Have you ever heard of the Children’s Service Week?
by Constance Ndeleko
The first ever Children’s Service Week was launched at the Milimani Children’s Court in April 2016. The objective of the Service Week was to apply strategies to help courts deal with heavy case backlog. The strategies were also to enhance speedy resolution of cases to ensure children spend as little time as possible in the justice system as required by Law.
The very successful service week that saw many children exit the justice system and commence rehabilitation within record time, inspired the Justice Koome led NCAJ Special Task Force on Children’s matters to organize a National Service Week for Children in November of 2016. During the week, courts nationwide sat to hear cases involving children either as witnesses or those in conflict with the law.
Following the National Service Weeks, the Children’s Task Force identified 6 ‘hotspot’ court stations with heaviest backlog of children’s issues and conducted service weeks in April and May of 2017 in the hotspot areas namely; Lodwar, Narok, Bungoma, Kitale, Kilgoris and Shanzu.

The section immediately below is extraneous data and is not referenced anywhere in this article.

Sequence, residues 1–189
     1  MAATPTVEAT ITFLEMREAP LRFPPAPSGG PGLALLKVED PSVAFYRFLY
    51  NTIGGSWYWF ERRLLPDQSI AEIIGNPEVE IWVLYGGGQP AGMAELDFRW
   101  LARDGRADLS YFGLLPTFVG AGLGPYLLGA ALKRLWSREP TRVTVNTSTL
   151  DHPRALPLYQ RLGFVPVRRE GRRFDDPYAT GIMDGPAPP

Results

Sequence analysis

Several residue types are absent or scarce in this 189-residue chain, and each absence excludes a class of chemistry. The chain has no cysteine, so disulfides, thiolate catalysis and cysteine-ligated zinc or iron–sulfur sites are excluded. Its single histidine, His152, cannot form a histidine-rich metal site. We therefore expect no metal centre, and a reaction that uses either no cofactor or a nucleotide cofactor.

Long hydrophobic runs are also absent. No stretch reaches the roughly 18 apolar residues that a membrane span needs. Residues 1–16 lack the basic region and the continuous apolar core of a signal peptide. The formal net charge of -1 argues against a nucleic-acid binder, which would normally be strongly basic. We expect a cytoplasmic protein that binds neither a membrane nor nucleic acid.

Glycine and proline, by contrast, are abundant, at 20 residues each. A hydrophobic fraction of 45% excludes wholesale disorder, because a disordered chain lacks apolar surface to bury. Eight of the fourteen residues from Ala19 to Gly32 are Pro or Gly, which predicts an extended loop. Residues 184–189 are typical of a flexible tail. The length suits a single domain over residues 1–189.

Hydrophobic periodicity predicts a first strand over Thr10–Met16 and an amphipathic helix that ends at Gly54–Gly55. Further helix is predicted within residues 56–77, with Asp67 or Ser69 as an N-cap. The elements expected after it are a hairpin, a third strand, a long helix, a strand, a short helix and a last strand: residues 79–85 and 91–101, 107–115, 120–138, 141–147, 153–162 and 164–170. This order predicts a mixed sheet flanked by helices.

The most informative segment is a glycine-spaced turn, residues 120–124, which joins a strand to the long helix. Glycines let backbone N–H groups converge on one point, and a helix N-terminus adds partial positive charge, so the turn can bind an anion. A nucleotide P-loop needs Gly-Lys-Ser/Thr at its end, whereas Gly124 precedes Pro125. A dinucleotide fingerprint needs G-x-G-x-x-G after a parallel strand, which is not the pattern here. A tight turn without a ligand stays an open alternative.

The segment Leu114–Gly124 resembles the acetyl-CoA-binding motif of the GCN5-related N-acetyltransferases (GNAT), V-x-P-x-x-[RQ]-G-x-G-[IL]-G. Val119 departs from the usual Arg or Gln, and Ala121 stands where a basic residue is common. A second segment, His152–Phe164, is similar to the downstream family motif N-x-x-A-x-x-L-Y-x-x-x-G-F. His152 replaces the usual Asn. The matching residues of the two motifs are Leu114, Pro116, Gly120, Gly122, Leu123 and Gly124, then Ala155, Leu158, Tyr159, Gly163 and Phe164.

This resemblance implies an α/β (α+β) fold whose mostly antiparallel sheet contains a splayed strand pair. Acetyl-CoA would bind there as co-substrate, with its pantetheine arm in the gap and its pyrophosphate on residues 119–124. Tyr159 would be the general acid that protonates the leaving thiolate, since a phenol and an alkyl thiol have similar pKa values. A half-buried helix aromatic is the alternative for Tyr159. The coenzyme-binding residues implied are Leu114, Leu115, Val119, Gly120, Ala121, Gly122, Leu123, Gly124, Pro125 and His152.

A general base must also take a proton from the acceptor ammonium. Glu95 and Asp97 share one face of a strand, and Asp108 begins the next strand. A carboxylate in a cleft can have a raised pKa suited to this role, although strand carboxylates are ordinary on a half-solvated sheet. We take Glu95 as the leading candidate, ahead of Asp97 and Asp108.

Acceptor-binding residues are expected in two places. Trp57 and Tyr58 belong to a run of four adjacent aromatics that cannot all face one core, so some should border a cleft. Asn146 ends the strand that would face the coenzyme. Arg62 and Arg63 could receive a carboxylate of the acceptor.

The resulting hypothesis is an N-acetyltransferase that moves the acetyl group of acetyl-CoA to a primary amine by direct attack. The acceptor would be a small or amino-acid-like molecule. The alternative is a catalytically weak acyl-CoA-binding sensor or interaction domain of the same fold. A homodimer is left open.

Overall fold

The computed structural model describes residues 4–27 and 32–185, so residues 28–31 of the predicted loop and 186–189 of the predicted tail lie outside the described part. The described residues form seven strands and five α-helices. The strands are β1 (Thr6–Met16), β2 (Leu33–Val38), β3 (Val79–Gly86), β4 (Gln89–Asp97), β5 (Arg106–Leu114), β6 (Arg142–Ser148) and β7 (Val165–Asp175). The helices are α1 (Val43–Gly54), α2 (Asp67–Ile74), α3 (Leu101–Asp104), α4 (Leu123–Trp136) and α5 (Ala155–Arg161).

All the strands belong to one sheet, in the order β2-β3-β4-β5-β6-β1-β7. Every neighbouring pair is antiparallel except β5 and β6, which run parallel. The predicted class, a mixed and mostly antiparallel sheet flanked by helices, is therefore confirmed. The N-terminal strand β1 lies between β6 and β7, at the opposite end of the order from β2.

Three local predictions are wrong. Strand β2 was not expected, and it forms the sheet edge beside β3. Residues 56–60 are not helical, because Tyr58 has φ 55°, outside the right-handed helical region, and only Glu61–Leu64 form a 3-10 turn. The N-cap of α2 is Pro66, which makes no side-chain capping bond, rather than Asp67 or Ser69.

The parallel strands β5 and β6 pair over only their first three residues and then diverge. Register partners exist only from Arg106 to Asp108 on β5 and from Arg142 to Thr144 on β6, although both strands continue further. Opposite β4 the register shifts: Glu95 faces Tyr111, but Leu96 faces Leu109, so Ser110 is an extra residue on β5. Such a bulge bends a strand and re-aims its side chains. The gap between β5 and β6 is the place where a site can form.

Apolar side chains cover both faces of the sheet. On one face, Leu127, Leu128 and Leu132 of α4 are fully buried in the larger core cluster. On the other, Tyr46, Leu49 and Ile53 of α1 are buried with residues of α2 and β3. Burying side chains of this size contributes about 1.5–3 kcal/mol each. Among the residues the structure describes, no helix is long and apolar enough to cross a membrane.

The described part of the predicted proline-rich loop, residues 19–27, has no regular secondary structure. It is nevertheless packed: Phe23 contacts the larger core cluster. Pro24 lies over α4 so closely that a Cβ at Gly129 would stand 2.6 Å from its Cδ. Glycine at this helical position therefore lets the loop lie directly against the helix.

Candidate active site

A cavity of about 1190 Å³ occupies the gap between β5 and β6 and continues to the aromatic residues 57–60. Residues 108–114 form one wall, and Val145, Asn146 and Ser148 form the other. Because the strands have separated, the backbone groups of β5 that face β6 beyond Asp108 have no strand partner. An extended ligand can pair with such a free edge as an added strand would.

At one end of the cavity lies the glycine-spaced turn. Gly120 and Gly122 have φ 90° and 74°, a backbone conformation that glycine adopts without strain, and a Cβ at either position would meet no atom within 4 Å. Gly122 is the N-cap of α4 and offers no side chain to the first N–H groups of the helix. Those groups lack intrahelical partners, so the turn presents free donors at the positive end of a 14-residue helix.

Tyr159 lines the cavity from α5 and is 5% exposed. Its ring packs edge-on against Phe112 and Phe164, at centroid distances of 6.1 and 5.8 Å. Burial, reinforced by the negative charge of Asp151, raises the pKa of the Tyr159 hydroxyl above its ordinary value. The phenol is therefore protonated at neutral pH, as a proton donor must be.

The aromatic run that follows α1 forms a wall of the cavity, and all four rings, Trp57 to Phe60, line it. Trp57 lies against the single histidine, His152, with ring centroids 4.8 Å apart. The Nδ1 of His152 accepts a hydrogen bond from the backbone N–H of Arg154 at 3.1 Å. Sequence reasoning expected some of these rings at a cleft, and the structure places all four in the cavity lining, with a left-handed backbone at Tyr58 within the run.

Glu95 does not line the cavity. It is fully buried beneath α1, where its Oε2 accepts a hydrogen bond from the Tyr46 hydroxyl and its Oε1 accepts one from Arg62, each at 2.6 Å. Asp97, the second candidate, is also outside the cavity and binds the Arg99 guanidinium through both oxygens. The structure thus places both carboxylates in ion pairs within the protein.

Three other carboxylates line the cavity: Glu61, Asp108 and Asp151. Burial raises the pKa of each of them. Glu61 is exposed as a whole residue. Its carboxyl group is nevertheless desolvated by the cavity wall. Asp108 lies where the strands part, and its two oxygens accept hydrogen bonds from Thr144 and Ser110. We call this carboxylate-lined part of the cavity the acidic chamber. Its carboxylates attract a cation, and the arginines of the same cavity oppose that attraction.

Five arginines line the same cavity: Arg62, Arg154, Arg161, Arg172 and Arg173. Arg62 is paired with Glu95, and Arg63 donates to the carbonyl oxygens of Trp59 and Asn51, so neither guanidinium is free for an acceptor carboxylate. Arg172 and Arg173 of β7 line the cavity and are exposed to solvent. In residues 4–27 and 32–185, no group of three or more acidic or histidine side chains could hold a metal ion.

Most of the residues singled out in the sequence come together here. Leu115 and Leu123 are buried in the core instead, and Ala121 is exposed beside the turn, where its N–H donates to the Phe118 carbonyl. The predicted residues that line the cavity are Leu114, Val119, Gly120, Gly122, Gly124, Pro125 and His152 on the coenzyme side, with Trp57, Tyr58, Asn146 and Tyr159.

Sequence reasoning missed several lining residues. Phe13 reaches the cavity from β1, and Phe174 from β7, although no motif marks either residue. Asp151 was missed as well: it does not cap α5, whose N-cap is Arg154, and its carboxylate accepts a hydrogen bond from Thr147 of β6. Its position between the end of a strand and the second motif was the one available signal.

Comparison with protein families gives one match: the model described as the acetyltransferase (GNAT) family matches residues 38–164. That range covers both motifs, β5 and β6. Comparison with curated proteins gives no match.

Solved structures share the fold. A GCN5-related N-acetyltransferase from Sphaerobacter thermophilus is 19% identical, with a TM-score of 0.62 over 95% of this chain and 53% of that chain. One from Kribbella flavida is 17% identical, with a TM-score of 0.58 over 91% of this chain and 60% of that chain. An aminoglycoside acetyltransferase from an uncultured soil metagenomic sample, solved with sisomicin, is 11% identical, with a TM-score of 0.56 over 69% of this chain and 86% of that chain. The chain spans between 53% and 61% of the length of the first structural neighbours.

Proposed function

The Chief Justice in his 2018 State of the Judiciary address acknowledged the contribution of the service weeks in reduction of backlog. Over 3000 cases were handled and concluded as a result of the service weeks.
The 2018 round of service weeks started early July in Ngong Law Courts. Kilifi Law Courts just completed their service week (22-27 July 2018).Malindi will be 6-10 August followed by Nakuru 13-17. Meru and Lamu will have their Service Weeks in September.
The Service Weeks are organized by the US Department of Justice in conjunction with the NCAJ Task force on Children’s Matters and the various Court User’s Committees. Advocates, Mediators and Paralegals receive on job training and participate in resolution of cases through mediation and plea bargaining. Volunteers may also provide counseling and psycho social support to children and their parents during the service weeks.